Kendra Steiner Editions (Bill Shute)

July 8, 2019


Filed under: Uncategorized — kendrasteinereditions @ 3:05 pm



both hardcover, edited by ROBERT DEIS and WYATT DOYLE

ordering link:

pollens women

Creative artists, like everyone else, need to make a living. Some, such as poet Wallace Stevens or composer Charles Ives, worked in insurance while practicing their craft after-hours. Others find employment using commercial applications of their artistic skills. A composer friend of my daughter’s, a brilliant prodigy even in his teens, has paid the bills composing music for video games. A friend of mine from high school and college, someone I would consider among the finest writers (in terms of being a craftsman and virtuoso in the field of writing) I’ve ever known, chose to use those skills in the worlds of journalism, technical writing, history writing, and business communications. For me, reading one of his pieces on the use of marble in the construction industry or on the presidency of Chester Arthur is as much of a joy as reading something by Fitzgerald or Auden.

When visual artist Samson Pollen (1931-2018) found himself in the Coast Guard during World War II, he was asked to put his drawing and painting skills to use in the service of military communications and promotion, including doing magazine art for the Coast Guard publications. Describing a painting of the Titanic he did for the cover of Coast Guard Magazine, Pollen said, “I focused on a rowboat, up close: a woman holding a baby, an elderly woman crying, and the yeoman up there, steering the oars. I put a human touch to it. I wanted to tell a story, so I played up the human interest and that’s why they liked it, I guess. I was becoming an illustrator then.”

Pollens Action RGB 200

After the war, Pollen did a painting of some teenagers hanging around outside a poolroom, using actual teens at an actual poolroom as his models (Pollen worked with live models throughout his career, often for photo reference) and taking a lot of time with the piece so he could use it as a sample of his work while making the rounds of publishers. When he took his sample to Magazine Management, their art director acquired it immediately and used it on a story then in-progress set in a similar environment. That opened the door for a long career doing magazine work and paperback book cover art, and Pollen became one of the most exciting and in-demand artists in that field, creating hundreds of paintings over many decades.

pollen 1

These two collections from New Texture focus on Samson Pollen’s work in the field of Men’s Adventure Magazines (MAM) such as STAG, MEN, TRUE ACTION, FOR MEN ONLY, ADVENTURE, MALE, etc. These magazines featured colorful, two-fisted, action-adventure stories not unlike the old pulp magazine fiction of the 30’s and 40’s, but full of sex and explicit violence (often in their own section and segregated from the general magazines on the publications rack at the local drug store or grocery store) and aimed at an adult male audience, many of whom were WWII or Korean vets. Unlike a comic book, which the potential purchaser can scan and see via pictures what is delivered for the purchase price, short stories could not be scanned by the customer at the magazine rack as easily. Stories needed an exploitative title with hooks (how about WE WERE LOVE-AND-TORTURE SLAVES OF THE HELL RAIDERS or I BATTLED THE SYNDICATE’S UNDERWATER SMUGGLERS or I FOUGHT BRAZIL’S WOMEN-STEALING TRIBE or NIGHT OF THE FLESH SEEKERS or THE TOWN THAT BECAME A CYCLE-WAR BATTLEGROUND or HOW A YANK AGENT STORE RED CHINA’S H-BOMB TIMETABLE) but also art that would sink the hooks in deeply enough that the action-starved male reader would put down his money at the counter because he just HAD TO experience for himself the thrills and excitement the story promised. However, this art had to also serve a second function, one just as important. It had to plant images in the mind of the reader, images that he could then bring to the story while reading it and build upon in his own imagination. You needed good titles, evocative art, and of course picturesque and exciting stories or no one would ever buy a second issue of one of those magazines. As these two books show, Pollen was a master at this and no doubt was responsible for selling hundreds of thousands of magazines (and paperback books) over the years.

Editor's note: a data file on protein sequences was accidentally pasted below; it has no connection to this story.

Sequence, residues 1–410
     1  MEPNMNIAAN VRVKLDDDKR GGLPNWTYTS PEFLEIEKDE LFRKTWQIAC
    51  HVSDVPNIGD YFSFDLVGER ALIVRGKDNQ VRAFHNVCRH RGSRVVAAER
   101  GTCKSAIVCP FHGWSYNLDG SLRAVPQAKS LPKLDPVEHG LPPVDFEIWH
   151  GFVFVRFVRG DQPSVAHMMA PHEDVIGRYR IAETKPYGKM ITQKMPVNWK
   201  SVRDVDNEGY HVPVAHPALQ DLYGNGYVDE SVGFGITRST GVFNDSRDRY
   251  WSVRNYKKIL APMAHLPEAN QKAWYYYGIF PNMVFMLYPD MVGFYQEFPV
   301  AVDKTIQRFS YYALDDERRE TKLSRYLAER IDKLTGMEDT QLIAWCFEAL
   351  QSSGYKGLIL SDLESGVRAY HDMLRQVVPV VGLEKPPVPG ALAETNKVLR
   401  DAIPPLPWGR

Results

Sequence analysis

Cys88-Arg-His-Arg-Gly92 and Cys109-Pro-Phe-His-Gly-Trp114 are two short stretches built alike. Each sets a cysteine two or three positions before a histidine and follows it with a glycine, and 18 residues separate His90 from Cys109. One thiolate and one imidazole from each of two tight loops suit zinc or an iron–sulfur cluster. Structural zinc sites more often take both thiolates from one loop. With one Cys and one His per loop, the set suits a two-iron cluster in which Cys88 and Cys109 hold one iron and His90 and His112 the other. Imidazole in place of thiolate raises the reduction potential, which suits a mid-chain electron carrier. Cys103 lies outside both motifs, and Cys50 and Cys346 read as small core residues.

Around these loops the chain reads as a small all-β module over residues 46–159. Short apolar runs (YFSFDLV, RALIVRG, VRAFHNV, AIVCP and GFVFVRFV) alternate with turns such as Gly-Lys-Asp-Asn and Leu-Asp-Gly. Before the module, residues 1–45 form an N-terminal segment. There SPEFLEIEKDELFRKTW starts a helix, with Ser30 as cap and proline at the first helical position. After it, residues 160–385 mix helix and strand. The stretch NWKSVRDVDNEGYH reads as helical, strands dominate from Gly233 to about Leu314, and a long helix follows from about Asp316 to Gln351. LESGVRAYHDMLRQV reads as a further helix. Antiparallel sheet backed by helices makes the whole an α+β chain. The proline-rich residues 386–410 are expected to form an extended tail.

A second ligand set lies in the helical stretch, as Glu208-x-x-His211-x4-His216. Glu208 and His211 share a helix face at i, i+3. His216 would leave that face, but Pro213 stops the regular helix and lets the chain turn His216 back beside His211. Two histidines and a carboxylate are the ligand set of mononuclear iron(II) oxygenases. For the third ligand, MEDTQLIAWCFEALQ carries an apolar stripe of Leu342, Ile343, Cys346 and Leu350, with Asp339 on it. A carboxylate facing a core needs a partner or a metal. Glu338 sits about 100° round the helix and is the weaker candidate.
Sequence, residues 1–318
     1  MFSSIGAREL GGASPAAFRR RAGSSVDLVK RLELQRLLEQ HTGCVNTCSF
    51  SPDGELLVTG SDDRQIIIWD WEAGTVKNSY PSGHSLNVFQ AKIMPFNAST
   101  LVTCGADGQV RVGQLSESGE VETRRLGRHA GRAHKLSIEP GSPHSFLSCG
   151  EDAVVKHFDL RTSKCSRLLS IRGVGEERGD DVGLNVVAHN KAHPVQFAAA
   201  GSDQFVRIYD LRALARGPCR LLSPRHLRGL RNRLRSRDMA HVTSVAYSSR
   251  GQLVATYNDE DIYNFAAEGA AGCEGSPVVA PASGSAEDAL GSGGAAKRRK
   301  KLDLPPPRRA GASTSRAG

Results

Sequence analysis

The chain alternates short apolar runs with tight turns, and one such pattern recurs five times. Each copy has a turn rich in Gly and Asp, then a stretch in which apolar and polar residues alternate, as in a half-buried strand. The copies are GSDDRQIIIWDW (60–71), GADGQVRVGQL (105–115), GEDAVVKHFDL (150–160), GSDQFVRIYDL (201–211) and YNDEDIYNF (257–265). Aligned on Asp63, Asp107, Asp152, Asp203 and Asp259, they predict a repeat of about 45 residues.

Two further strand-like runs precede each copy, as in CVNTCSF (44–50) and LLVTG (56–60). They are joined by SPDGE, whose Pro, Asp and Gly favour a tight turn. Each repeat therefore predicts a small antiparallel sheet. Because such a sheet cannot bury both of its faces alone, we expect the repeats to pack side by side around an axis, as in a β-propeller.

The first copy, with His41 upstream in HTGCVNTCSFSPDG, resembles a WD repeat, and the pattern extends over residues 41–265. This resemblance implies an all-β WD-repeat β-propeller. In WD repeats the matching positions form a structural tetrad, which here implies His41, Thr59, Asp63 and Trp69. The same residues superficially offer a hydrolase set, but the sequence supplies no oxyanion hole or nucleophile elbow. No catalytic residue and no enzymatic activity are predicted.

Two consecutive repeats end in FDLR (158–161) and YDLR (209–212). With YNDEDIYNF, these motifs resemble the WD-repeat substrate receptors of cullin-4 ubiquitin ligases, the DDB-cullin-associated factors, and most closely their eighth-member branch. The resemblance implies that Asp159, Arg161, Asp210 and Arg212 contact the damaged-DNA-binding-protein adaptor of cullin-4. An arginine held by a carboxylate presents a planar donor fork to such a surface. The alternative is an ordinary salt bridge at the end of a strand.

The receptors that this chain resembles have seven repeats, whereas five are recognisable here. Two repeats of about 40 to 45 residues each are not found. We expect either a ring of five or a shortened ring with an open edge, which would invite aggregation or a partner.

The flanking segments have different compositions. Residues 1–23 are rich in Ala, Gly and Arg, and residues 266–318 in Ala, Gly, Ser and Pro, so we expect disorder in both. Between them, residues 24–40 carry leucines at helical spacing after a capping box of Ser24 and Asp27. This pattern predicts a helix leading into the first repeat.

pollen 2 wright

The two themed collections, POLLEN’S WOMEN and POLLEN’S ACTION present both Pollen’s original paintings (in B&W, in color, and in the interesting and evocative “duotone” format, which is essentially B&W but with one other color, usually blue) and the artworks as they appeared in the original magazines, so one can see their original context, how the works were edited/cropped for publication, and the nature of the stories they accompanied. I noticed that one Amazon review of the books considered this “repetition,” but it actually opens the works up for me and also gives an invaluable insight into the world of the men’s magazines for which the paintings were commissioned and in which they were used. Giving us either just the paintings or just the covers on the magazine page would offer only half the story.

pollen 3

Pollen would be provided by the magazine’s art editor with the key details of a story and then be given a few weeks to produce the image that would illustrate the story. Pollen gave an example of a typical assignment: “This hero has an automatic weapon in one hand, and he’s carrying a woman in another hand, and a dog in the other, and he’s climbing up a cliff.”